3. Biblical Hebrew has an unusually small vocabulary clustered around an even smaller number of three-letter roots, most of them denoting concrete actions or things, and the Bible achieves its mimetic effects partly through the skillful repetition of these few vivid words.
    4. In the case of the binding of Isaac, for instance, Alter not only accepts a previous translator's substitution of "cleaver" for the "knife" of the King James version but also changes "slay" (as in, "Abraham took the knife to slay his son") to "slaughter." Moreover, in his notes, he points out that although this particular Hebrew verb for "bound" (as in, "Abraham bound Isaac his son") occurs only this once in biblical Hebrew, making its meaning uncertain, we can nonetheless take a hint from the fact that when the word reappears in rabbinic Hebrew it refers specifically to the trussing up of animals. Alter's translation thus suggests a dimension of this eerie tale we would probably have overlooked: that of editorial comment. The biblical author, by using words more suited to butchery than ritual sacrifice, lets us know that he is as horrified as we are at the brutality of the act that God has asked Abraham to commit.
    1. Goldfajn, Tal. “Thou Shalt Show: On Robert Alter’s Translation of the Hebrew Bible.” Book Review of The Hebrew Bible: A Translation with Commentary by Robert Alter. Los Angeles Review of Books, June 2, 2020. https://lareviewofbooks.org/article/thou-shalt-show-on-robert-alters-translation-of-the-hebrew-bible/.

    2. Several biblical translations into other languages in the 20th and 21st centuries have followed some kind of version of these translation norms, albeit with different goals and within different contexts. The German translation by Martin Buber and Franz Rosenzweig, whose first volume appeared in 1925, for instance, aimed to reflect the linguistic features of the original Hebrew. The central precept of Henri Meschonnic’s French translation, which came out in 1970, is “more than what a text says, it is what a text does that must be translated.” Haroldo de Campos’s translation of individual biblical books into Brazilian Portuguese in the 1990s were meant to “Hebraicize the Portuguese.”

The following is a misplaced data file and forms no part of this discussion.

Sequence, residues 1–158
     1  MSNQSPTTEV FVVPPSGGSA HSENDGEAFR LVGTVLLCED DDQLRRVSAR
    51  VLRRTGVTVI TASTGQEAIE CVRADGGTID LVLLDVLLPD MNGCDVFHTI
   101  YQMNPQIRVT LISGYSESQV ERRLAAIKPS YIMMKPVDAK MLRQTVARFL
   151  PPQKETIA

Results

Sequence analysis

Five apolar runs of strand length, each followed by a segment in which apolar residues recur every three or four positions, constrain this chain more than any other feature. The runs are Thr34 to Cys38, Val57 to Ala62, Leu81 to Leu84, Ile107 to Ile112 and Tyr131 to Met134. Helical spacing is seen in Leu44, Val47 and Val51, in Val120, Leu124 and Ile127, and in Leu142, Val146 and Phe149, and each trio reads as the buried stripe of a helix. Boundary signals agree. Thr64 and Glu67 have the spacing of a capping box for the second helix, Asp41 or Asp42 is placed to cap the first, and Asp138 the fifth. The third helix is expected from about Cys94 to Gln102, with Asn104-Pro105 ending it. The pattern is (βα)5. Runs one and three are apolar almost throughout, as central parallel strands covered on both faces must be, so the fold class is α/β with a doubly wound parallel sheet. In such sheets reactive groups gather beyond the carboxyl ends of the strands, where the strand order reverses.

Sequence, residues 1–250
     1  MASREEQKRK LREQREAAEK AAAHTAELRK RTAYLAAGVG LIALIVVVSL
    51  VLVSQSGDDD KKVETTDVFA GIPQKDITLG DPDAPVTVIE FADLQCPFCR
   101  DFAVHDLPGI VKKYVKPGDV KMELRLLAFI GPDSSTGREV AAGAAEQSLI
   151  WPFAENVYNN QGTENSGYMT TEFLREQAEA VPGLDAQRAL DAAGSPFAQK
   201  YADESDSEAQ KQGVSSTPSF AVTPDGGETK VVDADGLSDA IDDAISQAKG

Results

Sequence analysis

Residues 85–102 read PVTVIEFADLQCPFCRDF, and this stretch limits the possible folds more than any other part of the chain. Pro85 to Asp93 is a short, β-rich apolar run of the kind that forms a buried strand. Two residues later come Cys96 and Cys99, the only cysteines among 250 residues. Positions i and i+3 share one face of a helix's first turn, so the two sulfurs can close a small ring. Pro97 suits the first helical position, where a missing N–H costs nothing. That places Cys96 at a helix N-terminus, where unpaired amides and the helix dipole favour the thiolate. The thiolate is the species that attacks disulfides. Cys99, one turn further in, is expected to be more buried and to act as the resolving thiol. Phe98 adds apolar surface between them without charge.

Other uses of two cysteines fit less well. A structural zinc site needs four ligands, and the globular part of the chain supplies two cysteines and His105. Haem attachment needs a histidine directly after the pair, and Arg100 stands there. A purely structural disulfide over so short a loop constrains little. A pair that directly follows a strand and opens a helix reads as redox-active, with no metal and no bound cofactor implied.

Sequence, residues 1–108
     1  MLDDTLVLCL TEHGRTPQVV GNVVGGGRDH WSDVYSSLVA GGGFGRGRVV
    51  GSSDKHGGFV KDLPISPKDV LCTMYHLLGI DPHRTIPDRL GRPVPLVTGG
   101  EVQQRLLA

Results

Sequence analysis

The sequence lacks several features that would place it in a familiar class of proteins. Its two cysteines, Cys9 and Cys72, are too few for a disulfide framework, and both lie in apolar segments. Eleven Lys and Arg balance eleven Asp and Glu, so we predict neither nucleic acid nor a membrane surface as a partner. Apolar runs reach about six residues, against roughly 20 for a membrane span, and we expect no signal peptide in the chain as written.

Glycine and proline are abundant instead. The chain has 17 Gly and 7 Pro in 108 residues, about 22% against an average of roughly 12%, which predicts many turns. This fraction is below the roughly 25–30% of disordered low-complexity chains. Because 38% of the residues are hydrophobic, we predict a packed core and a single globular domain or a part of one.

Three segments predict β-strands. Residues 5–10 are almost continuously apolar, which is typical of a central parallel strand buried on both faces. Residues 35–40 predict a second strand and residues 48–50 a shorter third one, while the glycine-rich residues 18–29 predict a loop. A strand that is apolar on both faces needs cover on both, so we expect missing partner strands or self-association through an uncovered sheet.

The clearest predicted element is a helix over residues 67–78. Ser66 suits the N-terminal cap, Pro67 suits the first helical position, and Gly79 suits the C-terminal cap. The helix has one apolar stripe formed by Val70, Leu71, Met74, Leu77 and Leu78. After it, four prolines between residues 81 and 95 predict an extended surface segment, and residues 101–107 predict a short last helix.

Nice summary of various modern translations of the bible.

    3. Alter’s keen grasp of that rhythm and syntax is evidenced by his playful 10 commandments for Bible translators: 1.Thou shalt not make translation an explanation of the original, for the Hebrew writer abhorreth all explanation. 2. Thou shalt not mangle the eloquent syntax of the original by seeking to modernize it. 3. Though shalt not shamefully mingle linguistic registers. 4. Thou shalt not multiply for thyself synonyms where the Hebrew wisely and pointedly uses repeated terms. 5. Thou shalt not replace the expressive simplicity of the Hebrew prose with purportedly elegant language. 6. Thou shalt not betray the fine compactness of biblical poetry. 7. Thou shalt not make the Bible sound as though it were written just yesterday, for this, too, is an abomination. 8. Thou shalt diligently seek English counterparts for the word-play and sound-play of the Hebrew. 9. Thou shalt show to readers the liveliness and subtlety of the dialogues. 10. Thou shalt continually set before thee the precision and purposefulness of the word-choices in Hebrew.
    4. Take “soul” in the KJV’s Psalm 23: “The Lord is my shepherd […] He restoreth my soul.” Alter, who has by now become famous for taking the soul out of the Hebrew Bible, gives us: “The Lord is my shepherd […] My life He brings back.” Where has the soul gone? The answer is that the Hebrew didn’t really provide it in the first place. The word “nefesh” is more concrete, meaning “breath,” “life-breath,” “essential self,” and also “throat.” It suggests the material, the bodily, or, as the biblical scholar James Barr put it, “is not a separate essence and is more like the principle of life animating the person, acting in his actions, and touched by that which touches him.”
    5. Alter, for his part, has faith in the original, and the result is both refreshing and beautiful.